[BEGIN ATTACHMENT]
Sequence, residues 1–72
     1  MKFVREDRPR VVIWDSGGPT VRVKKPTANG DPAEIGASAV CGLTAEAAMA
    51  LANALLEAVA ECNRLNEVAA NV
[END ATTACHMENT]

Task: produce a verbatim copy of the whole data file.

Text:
Sequence, residues 1–72
     1  MKFVREDRPR VVIWDSGGPT VRVKKPTANG DPAEIGASAV CGLTAEAAMA
    51  LANALLEAVA ECNRLNEVAA NV